Merkel’s candidate elected German president
BERLIN (AP) – Chancellor Angela Merkel’s candidate was elected German president Wednesday in a lackluster victory that took an embarrassing three rounds of voting and dashed hopes of a strong show of support from her governing coalition.
Christian Wulff, a 51-year-old deputy leader of Merkel’s conservative party, won 625 votes in a special parliamentary assembly compared to 494 for opposition candidate Joachim Gauck; 121 delegates abstained – mostly from the Left Party, which had withdrawn its own candidate in the final round.
Wulff, a former state governor, led in every round of the secret ballot but was unable to garner the absolute majority needed in the first two rounds as members of Merkel’s own coalition broke ranks to support his opponent.
He needed only a simple majority to win the third round, though the coalition came together to give Wulff an absolute majority and spared Merkel the ignominy of not being able to get her choice confirmed. Nineteen members of the coalition did not vote for Wulff.
Wulff, a lawyer and career politician with a clean-cut, inoffensive image, sounded an optimistic note after his election.
“I’m looking forward to this responsible position,” he said. Gauck, a former East German human rights activist who is widely respected, congratulated Wulff on his victory.
The governing coalition had hoped to show strength after a strife-riven start since it took office in October.
The coalition with the Free Democrats has been hit by constant squabbling over policy, while the eurozone debt crisis forced it to push through an austerity drive and unpopular rescue packages for Germany’s European partners.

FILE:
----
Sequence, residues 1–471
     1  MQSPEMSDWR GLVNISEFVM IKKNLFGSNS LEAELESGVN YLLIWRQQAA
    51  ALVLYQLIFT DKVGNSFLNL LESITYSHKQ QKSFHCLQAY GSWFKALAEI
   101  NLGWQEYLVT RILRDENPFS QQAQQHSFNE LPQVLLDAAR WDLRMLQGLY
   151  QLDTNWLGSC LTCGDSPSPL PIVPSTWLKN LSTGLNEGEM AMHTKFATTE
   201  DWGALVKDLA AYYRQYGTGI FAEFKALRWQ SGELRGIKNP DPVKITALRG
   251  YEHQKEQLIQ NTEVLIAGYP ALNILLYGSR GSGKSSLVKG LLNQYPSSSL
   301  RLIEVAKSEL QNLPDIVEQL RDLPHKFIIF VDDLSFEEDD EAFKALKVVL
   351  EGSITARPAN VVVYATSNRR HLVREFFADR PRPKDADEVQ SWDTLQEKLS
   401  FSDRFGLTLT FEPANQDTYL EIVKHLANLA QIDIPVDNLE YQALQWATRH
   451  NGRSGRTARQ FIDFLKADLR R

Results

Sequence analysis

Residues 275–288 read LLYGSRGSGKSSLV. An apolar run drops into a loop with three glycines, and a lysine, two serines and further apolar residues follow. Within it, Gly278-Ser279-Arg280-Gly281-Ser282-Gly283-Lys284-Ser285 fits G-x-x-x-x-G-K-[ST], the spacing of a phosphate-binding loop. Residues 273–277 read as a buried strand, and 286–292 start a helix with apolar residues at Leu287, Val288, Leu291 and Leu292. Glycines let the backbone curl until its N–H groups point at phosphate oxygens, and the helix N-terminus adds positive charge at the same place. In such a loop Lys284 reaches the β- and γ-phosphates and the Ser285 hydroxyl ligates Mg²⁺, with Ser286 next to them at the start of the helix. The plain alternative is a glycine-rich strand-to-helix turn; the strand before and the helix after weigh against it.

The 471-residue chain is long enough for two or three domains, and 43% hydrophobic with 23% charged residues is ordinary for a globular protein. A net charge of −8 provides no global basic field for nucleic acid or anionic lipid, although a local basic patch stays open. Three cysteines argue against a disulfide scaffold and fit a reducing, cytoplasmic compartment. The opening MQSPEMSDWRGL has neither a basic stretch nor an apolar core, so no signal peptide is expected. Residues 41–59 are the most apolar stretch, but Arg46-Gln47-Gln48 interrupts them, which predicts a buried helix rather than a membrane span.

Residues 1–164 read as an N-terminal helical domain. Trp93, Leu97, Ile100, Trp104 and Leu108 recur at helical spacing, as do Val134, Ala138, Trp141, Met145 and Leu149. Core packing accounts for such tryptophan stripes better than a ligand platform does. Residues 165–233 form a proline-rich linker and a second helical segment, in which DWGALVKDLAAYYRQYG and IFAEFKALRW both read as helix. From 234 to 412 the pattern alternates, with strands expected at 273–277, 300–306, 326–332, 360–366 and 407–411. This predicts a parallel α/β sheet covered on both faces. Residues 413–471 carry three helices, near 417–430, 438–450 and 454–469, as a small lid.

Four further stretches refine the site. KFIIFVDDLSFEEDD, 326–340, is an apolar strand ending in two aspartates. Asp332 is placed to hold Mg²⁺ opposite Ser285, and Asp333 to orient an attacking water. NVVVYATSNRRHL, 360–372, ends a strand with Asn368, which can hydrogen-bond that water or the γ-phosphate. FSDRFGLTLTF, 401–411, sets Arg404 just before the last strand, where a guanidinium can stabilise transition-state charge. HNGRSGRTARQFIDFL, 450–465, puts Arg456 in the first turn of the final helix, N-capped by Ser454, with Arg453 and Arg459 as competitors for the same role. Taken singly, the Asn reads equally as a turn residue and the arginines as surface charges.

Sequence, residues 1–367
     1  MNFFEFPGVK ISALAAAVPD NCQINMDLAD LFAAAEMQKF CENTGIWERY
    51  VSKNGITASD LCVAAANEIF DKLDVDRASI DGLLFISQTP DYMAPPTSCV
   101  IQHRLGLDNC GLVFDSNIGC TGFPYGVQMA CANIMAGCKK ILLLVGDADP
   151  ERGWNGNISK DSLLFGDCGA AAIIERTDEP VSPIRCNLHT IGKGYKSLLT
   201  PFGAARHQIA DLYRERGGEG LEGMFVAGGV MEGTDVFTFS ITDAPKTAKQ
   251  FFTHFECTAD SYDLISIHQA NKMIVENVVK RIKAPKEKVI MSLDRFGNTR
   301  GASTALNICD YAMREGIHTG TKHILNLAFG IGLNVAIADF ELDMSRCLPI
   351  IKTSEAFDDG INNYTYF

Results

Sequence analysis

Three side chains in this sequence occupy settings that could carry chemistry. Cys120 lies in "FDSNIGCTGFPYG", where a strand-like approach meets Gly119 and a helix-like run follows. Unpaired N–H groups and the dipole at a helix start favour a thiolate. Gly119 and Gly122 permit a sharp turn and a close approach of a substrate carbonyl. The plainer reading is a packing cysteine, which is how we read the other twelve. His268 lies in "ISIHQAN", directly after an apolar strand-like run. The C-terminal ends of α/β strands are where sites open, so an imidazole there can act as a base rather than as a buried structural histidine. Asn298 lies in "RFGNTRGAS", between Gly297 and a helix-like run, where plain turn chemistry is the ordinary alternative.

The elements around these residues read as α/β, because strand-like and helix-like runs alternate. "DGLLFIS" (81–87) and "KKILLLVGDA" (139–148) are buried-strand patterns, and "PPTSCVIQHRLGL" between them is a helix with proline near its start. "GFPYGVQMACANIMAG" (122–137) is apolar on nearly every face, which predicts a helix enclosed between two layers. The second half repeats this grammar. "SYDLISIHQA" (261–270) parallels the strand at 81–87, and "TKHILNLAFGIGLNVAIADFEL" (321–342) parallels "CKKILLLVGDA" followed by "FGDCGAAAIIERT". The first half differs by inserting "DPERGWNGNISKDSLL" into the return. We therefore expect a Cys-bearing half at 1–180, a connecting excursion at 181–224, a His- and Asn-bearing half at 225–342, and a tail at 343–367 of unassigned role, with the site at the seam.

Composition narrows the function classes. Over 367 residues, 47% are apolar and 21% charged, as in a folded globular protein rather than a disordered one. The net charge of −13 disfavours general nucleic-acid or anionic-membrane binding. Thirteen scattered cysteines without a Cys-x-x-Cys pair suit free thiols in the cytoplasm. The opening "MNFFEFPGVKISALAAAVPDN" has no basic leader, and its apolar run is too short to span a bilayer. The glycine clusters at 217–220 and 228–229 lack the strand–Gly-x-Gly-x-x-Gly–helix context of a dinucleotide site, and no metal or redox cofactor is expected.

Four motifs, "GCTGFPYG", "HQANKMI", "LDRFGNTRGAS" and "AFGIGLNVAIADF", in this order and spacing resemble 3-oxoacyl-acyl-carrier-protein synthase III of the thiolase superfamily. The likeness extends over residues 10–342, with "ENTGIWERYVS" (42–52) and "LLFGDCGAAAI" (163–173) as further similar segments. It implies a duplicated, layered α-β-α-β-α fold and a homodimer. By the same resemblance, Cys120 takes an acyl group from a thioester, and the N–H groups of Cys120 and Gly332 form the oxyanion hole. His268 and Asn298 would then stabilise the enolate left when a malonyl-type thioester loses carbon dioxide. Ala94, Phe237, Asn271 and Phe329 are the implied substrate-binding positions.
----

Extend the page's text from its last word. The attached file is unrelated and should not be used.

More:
“Today’s events clearly show that Merkel can’t hold together her majority,” Werner Weidenfeld, a political science professor at Munich’s Ludwig Maximilian University, told The Associated Press.
The center-right coalition wanted to stage a renewal following a successful presidential election and Merkel hoped to silence critics of her leadership, he said. “But now the infighting will continue.”
The contest for the presidency, a largely ceremonial but symbolically important job, added another layer to the coalition’s troubles of late – fueling speculation in recent weeks that a loss for Wulff would push it to the brink of collapse.
But in a brief statement, the chancellor brushed off any doubts surrounding the coalition’s unity. “What counts is that we now have a new president, and a president who was elected with absolute majority,” Merkel said.
“Christian Wulff will be a wonderful representative for this country,” she said.
The first round, however, came as a major embarrassment to Merkel as Gauck and the Left Party’s candidate combined got more votes than Wulff.
Wolfgang Bosbach, a leading lawmaker with Merkel’s Christian Democrats, expressed regret that the alliance hasn’t shown the unity “that would significantly have stabilized the coalition.”
“Perhaps one or two people wanted to send a political signal to the leadership” of the coalition parties, Bosbach said. “Great idea, wrong day.”
Wulff has been governor of Lower Saxony – a region of some 8 million people that occupies a large swath of Germany’s northwest – since 2003. Wulff lost state elections in 1994 and 1998 to center-left rival Gerhard Schroeder, who went on to become chancellor. In 1998, he won on the third attempt.
On accepting the presidency, Wulff announced his resignation as governor of Lower Saxony.
Wulff was long considered a potential rival to Merkel as party leader, but has talked down his chances of ever becoming chancellor in 2008, when he said that “I lack the absolute will to power and the readiness to subordinate everything to it.”
Wulff has a teenage daughter from his first marriage and a young son, born in 2008, with his second wife. He replaces Horst Koehler, nominated by Merkel in 2004, who abruptly stepped down May 31.